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Right on Crime | September 27, 2017
This article by Right on Crime Signatory Grover Norquist originally appeared in Wall Street Journal, September 26th, 2017.
Every so often I’m asked to list the conservative movement’s most important recent accomplishments. One always ranks near the top: criminal justice reform.
With leadership from Republican governors and legislators and groups such as Right on Crime, conservatives have pushed to rein in runaway prison spending and adopt cost-conscious correctional policies that improve public safety. Starting 10 years ago in Texas, more than half of all states have now shifted course, changing laws to ensure that violent offenders serve hard time while those who are not a danger are steered toward less expensive alternatives that can help alter the paths of their lives and make communities safer.
Taxpayers benefit. In 2007 the Pew Charitable Trusts projected that state prisons would grow 14% over five years, costing states $27.5 billion more. Instead, the reforms have bent the curve. The state prison population is down 5%. Between 2010 and 2015, 31 states reduced both crime and imprisonment, proving that fiscal discipline and safe streets can go hand in hand.
Many of us on the right are concerned by rumblings we’re hearing in Washington and beyond. It’s disturbing that reports of isolated increases in violence in a handful of cities are fueling predictions of a looming American crime wave. There is no evidence for such predictions. The U.S. violent crime rate rose 3.4% last year, but it remains about half of what it was in 1991, when crime reached its modern-day peak.
While any uptick in crime merits our attention, we must be clear-eyed in our interpretation of the numbers and while developing an effective response. Americans are safer than they have been at almost any time in the last quarter-century, and returning to the failed policies of the past would be a costly mistake.
For decades, state spending on prisons and jails was the second-fastest-growing area of state budgets, behind only Medicaid. From 1980 to 2009, state corrections spending grew more than 400%. In North Carolina in 2016, the average cost of incarcerating an inmate was $89.30 a day, or $32,594 a year—compared with only $4.85 a day ($1,770 a year) for probation or parole.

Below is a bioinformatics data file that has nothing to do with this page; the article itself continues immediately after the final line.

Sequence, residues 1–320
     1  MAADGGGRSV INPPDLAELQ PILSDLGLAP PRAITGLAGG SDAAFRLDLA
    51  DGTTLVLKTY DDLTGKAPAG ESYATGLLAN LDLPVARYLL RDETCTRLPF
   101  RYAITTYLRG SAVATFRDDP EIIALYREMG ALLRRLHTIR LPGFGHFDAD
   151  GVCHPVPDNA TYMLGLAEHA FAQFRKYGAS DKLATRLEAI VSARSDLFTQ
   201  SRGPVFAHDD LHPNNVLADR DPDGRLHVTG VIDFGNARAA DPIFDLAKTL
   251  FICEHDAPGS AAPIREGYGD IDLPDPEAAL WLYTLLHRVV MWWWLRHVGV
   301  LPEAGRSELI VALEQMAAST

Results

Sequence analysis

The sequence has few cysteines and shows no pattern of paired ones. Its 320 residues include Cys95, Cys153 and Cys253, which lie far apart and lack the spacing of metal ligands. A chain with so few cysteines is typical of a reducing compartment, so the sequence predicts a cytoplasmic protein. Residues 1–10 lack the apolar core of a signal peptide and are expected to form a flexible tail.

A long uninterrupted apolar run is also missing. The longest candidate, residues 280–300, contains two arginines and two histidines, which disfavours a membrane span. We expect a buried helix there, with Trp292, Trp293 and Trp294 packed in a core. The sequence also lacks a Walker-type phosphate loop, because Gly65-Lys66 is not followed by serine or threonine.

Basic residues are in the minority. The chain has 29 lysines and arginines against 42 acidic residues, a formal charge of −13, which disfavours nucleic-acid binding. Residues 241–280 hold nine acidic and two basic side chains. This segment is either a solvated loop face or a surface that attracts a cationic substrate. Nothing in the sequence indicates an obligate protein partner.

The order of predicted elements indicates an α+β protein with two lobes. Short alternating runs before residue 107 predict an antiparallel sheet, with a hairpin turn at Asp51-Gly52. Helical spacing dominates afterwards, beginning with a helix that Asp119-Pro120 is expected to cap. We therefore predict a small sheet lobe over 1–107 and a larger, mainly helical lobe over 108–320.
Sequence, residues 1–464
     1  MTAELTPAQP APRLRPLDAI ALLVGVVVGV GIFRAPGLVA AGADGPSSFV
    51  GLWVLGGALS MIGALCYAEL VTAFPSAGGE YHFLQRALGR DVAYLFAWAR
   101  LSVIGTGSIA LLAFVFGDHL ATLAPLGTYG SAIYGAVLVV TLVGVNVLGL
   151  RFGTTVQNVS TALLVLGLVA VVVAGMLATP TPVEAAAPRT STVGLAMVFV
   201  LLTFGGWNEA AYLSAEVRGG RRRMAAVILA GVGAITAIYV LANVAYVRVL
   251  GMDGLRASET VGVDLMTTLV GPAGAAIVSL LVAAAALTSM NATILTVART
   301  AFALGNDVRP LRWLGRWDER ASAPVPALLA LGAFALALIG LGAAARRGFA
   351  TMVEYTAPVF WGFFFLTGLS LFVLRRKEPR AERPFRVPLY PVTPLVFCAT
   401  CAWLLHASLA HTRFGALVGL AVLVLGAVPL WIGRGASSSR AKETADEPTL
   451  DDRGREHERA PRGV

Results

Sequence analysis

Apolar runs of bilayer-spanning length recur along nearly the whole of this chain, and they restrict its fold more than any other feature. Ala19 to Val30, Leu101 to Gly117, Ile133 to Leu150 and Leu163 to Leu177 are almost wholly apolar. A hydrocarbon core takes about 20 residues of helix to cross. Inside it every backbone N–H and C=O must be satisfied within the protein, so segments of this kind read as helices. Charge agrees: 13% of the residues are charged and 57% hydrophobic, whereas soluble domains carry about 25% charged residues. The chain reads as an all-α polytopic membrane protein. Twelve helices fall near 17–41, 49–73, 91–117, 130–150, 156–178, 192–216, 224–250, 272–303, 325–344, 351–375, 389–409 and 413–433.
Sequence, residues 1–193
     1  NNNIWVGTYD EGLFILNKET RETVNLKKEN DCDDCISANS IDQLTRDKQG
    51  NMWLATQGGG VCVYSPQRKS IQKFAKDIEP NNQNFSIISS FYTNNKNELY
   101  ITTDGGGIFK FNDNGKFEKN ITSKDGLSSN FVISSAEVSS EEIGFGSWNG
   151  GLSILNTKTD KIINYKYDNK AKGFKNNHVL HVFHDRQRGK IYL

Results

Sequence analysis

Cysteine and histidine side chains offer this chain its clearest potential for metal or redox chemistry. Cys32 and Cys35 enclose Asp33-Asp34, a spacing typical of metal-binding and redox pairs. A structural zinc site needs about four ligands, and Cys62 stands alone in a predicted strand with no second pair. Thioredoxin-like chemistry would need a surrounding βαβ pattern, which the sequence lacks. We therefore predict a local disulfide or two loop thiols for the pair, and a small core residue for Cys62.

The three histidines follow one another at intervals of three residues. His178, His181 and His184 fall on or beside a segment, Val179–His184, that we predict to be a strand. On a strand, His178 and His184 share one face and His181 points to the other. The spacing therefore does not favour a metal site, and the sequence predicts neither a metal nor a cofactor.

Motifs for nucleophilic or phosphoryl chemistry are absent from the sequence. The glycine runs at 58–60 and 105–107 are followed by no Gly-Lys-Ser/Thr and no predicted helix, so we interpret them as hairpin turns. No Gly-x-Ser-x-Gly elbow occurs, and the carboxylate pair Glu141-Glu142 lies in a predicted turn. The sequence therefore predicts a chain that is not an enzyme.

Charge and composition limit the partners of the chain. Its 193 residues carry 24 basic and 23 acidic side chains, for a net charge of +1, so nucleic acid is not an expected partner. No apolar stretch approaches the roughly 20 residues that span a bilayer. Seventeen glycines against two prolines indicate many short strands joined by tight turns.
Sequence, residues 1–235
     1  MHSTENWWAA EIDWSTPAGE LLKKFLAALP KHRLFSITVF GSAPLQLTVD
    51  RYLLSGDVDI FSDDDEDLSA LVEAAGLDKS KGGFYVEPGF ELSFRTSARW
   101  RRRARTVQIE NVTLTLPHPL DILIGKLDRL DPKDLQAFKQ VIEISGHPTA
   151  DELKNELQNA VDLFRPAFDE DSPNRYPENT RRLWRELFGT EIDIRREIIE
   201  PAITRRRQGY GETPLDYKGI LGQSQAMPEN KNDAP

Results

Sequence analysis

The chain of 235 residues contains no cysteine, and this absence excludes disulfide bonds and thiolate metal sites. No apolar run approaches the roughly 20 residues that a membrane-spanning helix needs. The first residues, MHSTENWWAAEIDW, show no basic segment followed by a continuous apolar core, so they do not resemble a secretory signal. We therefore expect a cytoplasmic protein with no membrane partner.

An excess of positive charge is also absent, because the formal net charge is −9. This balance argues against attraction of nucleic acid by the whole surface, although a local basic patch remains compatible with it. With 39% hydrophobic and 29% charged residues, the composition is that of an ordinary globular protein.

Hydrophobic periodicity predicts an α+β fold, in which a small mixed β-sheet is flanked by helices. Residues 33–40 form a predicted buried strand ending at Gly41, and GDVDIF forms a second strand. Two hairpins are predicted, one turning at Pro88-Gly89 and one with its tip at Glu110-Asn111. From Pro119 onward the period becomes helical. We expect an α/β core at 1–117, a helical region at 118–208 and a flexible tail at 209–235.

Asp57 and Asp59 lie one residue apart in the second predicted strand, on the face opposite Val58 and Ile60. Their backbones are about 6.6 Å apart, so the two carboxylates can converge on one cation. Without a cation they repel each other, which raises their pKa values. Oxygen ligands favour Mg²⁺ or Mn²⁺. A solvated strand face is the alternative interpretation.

Some criminals need to be in expensive prison cells, but shouldn’t we be doing a better job of determining who? For too long, courts and corrections officials were given a blank check to incarcerate at will yet were never held to answer for the poor results: high recidivism rates, driven by offenders who left prison with unresolved drug and mental-health problems and no job prospects.
We must not go backward, and the states are showing us why. In 2007, the Texas Legislature projected the state would need 17,000 new prison beds over the next five years, at a cost of $2 billion. Conservative lawmakers and then-Gov. Rick Perry instead expanded the use of drug courts, community treatment and other alternatives. Ten years later, the reforms have allowed Texas to avoid more than $3 billion in new spending and close four prisons with four more planned closures. Crime has dropped to levels not seen since the 1960s.
Since Texas’ pioneering move, other states have followed. After South Carolina passed substantial criminal justice reforms in 2010, the state cut its prison population by 14%, closed six prisons, and saved $491 million—all while crime continued to decline.
The latest example is Louisiana, the state with the highest incarceration rate. In June its Legislature enacted a 10-bill reform package that is expected to reduce incarceration by 10% and save more than $250 million over the next decade. Some savings will be directed to programs that reduce recidivism and help crime victims. Six of the nine bill authors were Republicans.
Many of America’s reddest states are proving that criminal justice reform works: Georgia, Utah, South Dakota—the list goes on. Strong conservative leadership has been essential. Continued progress won’t be possible without it.